Well after the wettest year since 1766 I would have thought so! But I can't speak for the Environment Agency - what I can say is that we have a very close relationship with them - they provide us with information on the levels of rivers etc. and from the information that I have received, there is every indication that all of the acquifers are absolutely full.
Mark Thornton, Hertford, UK:
I am surprised at the number of days this spring which have been considerably MORE pleasant than the forecast (on the BBC weather site) suggested. Are the forecasters pessimists?
We have been described as that in the past - we hopefully do look on the bright side every now and then. If we certain of a reasonable dry spell with some sunshine - which everybody wants - then it is a pleasure to forecast it.
The nature of spring weather is showers. April typically is characterised by showers - one minute you have a shower and the next minute you have sunshine. You can be literally only a few miles away where they are having a lovely sunny day and therefore the forecast has gone right - we forecast sunshine - yet just down the road only a few miles away, it is pouring with rain. There is not much we can do about that - you either get caught in a shower or you don't.
Max Pilotti, Widnes, Cheshire:
Do you have to have qualifications in meteorology to become a weather presenter on TV?
It depends on which channel you work for. Certainly for the BBC we are looking at people who have been trained as forecasters. Some of them have degrees in physics and maths and then go to the Met Office and are trained as forecasters on a very comprehensive course in forecasting. Some of them, like myself, have come from a different background. I came from the Navy and have a degree in oceanography and meteorology and trained as a forecaster in the Navy and then joined the BBC.
Paul Brogan, Swindon, UK:
As the climate seems to have undergone a fairly significant change in recent history (relatively speaking) is it not now prudent to re-assess the timing of the seasons and adjust the dates to suit the current conditions?
It is a valid point. I don't think I can speak for how we can describe the seasons - I don't think that is part of my job. The Hadley Centre has produced some guidance on what we are likely to see over the forthcoming 50 to 100 years. We may well see autumns that are wetter and more active with more severe weather. We may well see milder winters and perhaps a bit more rain during the summer time. But whether we can actually say where summer and winter starts and finishes is a very difficult thing to gauge.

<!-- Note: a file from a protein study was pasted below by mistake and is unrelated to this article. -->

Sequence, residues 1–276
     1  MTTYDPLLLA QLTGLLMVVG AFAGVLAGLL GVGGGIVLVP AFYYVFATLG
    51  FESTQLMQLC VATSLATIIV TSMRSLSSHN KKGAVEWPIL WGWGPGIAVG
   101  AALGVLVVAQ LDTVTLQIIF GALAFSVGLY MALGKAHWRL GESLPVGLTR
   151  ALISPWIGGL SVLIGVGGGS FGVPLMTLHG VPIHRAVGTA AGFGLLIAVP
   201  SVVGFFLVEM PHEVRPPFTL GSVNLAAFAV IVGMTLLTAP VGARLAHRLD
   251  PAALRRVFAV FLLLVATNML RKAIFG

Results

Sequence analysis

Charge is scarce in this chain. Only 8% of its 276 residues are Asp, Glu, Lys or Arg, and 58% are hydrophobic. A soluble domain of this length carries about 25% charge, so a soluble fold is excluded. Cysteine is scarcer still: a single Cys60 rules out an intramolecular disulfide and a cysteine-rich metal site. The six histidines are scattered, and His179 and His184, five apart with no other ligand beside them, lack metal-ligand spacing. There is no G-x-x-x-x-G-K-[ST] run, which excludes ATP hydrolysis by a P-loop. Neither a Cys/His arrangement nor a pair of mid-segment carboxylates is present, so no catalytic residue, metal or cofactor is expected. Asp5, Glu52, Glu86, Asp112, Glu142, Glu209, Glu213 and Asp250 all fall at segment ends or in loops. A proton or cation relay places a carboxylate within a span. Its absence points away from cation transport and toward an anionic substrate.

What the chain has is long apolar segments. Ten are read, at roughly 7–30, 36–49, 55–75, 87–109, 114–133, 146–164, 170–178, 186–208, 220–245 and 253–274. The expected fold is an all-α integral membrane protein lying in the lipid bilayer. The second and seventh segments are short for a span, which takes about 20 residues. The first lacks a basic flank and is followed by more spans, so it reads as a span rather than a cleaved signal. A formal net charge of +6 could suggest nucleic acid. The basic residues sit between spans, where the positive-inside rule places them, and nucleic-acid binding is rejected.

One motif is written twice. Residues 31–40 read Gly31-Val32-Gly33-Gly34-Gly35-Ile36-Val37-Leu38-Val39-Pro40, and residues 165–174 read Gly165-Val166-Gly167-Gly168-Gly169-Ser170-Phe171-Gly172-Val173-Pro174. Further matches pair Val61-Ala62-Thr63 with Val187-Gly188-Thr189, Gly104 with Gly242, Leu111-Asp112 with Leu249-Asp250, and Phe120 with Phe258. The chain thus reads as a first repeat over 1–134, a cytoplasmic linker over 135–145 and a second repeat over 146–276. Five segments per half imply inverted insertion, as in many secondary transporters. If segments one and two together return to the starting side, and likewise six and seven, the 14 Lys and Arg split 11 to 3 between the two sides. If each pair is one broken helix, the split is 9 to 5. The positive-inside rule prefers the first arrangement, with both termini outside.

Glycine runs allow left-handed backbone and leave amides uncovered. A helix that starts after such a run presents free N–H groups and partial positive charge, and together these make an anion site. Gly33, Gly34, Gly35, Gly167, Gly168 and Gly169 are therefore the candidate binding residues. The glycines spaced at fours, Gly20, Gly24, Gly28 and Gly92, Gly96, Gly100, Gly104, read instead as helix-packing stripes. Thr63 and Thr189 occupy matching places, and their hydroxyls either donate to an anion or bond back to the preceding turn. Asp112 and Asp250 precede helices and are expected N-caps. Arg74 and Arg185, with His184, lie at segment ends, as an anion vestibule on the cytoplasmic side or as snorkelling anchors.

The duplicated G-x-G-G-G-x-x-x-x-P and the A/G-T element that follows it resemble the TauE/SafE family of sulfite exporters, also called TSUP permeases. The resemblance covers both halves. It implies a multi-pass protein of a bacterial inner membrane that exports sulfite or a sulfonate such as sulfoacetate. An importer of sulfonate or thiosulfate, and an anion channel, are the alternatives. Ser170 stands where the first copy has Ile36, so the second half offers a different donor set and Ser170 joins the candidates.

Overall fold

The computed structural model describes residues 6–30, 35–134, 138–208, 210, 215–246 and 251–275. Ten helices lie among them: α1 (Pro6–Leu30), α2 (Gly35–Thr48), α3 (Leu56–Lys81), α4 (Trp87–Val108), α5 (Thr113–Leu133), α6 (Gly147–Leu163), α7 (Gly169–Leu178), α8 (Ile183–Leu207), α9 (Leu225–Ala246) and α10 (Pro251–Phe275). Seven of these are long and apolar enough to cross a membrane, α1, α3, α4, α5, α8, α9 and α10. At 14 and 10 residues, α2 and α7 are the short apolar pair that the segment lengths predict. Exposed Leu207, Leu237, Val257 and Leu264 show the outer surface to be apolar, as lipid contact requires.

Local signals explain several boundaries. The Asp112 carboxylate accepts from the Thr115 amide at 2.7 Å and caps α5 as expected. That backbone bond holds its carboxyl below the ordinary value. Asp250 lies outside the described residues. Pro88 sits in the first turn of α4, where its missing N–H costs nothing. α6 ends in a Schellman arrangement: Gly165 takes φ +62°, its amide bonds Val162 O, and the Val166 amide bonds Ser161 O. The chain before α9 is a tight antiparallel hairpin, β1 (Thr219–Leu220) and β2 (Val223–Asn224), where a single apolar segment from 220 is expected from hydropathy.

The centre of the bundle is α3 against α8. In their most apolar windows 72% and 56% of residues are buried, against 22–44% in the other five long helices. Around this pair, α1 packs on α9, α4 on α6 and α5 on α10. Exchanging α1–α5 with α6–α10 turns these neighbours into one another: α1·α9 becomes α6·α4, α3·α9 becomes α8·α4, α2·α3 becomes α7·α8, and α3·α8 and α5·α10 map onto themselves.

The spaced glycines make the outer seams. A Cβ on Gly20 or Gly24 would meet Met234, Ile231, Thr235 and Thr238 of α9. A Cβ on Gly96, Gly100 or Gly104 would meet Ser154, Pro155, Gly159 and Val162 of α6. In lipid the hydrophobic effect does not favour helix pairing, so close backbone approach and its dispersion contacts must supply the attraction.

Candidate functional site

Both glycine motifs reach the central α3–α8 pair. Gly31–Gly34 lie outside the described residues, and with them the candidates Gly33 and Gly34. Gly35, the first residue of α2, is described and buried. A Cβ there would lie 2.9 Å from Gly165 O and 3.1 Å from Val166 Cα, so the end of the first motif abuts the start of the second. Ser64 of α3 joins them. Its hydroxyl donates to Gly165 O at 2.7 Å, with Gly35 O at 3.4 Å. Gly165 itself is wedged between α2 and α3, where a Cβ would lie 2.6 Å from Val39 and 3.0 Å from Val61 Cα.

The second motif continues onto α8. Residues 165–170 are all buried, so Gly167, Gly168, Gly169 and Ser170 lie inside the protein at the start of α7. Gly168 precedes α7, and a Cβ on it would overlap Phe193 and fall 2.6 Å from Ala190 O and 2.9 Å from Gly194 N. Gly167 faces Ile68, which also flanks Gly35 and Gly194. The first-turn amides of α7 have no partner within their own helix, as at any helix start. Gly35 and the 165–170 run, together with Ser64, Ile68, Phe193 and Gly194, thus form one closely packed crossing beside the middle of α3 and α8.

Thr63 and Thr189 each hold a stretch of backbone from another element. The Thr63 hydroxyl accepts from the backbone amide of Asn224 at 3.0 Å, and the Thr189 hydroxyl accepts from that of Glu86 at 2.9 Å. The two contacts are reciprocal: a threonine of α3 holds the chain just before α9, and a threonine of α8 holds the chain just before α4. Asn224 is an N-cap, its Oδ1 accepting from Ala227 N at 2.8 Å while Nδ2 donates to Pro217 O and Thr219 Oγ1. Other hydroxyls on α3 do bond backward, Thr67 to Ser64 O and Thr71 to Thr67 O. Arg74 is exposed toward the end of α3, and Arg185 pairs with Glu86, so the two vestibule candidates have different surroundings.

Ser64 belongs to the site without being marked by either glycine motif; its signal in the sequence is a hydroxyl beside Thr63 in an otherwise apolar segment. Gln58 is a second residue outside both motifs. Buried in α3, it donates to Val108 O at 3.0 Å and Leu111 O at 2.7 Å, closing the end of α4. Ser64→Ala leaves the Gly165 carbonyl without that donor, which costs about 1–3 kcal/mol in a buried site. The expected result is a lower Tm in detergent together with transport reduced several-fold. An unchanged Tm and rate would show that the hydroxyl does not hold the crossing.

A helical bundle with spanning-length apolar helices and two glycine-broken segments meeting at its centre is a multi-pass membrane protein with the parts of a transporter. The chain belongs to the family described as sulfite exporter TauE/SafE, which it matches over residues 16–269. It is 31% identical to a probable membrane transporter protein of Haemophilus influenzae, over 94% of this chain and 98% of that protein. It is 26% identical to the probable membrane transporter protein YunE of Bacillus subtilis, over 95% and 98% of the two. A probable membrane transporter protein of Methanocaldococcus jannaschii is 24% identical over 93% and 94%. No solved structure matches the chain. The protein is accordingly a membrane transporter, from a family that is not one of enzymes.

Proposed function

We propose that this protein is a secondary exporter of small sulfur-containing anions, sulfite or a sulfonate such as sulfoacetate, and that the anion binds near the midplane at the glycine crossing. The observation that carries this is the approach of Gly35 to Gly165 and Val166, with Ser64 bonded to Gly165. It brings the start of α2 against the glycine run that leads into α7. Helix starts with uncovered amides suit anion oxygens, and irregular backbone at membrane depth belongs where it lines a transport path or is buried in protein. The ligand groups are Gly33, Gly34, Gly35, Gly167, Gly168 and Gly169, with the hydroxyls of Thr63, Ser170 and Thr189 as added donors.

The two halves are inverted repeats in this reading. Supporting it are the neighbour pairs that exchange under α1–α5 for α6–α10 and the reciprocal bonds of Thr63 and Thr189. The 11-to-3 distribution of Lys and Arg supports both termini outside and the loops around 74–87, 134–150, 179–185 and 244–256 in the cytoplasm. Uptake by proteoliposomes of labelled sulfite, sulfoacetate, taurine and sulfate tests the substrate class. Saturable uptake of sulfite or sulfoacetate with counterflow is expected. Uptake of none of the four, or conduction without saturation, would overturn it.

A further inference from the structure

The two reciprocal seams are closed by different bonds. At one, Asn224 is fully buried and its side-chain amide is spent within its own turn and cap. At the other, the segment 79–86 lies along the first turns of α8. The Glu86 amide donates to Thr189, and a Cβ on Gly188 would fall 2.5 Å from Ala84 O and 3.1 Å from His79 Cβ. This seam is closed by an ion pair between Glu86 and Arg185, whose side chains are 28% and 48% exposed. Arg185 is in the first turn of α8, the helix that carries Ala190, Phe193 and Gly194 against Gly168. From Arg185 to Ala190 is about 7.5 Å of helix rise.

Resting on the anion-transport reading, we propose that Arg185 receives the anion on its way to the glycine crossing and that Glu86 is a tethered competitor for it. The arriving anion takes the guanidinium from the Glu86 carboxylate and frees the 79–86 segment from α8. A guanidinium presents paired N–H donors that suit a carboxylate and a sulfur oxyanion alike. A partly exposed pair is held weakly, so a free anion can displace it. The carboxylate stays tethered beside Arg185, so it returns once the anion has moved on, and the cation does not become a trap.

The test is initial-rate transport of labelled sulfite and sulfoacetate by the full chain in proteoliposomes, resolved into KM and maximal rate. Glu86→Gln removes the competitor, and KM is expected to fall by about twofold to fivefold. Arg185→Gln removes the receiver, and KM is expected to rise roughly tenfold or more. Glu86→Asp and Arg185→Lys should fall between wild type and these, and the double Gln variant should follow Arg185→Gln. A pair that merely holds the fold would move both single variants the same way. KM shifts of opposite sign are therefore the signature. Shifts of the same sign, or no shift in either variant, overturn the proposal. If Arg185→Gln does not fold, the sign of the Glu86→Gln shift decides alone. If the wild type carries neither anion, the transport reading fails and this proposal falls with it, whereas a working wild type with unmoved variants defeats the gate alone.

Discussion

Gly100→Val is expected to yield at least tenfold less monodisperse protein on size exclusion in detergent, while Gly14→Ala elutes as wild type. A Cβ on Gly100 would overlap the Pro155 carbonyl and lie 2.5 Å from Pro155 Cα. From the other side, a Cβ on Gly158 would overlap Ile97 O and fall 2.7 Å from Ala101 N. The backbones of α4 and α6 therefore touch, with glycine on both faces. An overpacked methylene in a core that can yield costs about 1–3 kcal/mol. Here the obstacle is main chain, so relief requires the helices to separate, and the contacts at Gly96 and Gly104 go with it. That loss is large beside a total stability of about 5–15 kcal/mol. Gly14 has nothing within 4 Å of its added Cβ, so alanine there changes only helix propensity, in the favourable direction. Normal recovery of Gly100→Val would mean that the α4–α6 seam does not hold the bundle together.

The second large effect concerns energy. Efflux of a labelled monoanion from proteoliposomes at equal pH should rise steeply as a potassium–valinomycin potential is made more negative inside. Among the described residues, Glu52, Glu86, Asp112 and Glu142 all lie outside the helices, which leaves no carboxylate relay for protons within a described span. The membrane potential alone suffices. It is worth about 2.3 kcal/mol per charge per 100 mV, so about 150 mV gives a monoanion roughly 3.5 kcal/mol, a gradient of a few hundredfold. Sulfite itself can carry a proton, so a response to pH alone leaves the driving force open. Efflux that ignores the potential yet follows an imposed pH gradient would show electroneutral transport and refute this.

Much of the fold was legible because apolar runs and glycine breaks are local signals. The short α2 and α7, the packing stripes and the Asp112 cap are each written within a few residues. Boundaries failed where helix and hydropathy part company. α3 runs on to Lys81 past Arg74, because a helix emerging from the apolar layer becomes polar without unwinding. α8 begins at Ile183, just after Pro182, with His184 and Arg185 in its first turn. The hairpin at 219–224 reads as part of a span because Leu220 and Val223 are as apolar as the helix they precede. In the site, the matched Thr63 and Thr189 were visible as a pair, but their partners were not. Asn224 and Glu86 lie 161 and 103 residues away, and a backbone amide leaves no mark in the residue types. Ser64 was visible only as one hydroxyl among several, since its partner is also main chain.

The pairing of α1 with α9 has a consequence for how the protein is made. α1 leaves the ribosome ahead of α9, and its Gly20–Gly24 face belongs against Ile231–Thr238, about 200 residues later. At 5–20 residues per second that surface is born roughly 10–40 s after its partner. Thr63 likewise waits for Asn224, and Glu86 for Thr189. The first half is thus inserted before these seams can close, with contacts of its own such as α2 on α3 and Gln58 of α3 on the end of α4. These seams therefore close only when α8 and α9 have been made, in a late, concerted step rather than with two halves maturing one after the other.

Anand Singh, London, UK:
What is your opinion about the fact that we are currently in or coming into an Ice-Age?
Unfortunately I cannot comment on that - I am not up to speed on general forecasting for that length of time. There are always cycles in millions of years terms when we are just a blink of an eye in terms of the time scale. Things do change and we could well be moving into either a hot spell or a cold spell over the next hundred thousand or even five hundred thousand years. It is very difficult to tell at the moment.
In summary then, looking at your experience in weather forecasting, would you say that what we are seeing now is just one of those years that occurs every now and again or is it really exceptional?
I think what you have got to remember is the difference between what happens every year, where we do sometimes get hot summers and sometimes get cold summers - those kind of things happen. The nature of the UK's climate - being so close to such a big part of the ocean - we do get big seasonal changes. But the general trend over the forthcoming 50 to 100 years, as described by the Hadley Centre, is that global climate is gradually warming up and that sea levels will eventually start to rise. But whether we are going to get exactly the same kind of scenario this coming winter - whether we are going to get more flooding - this is very difficult to predict. It could just be one of those things - this coming autumn and winter we could have a dry spell.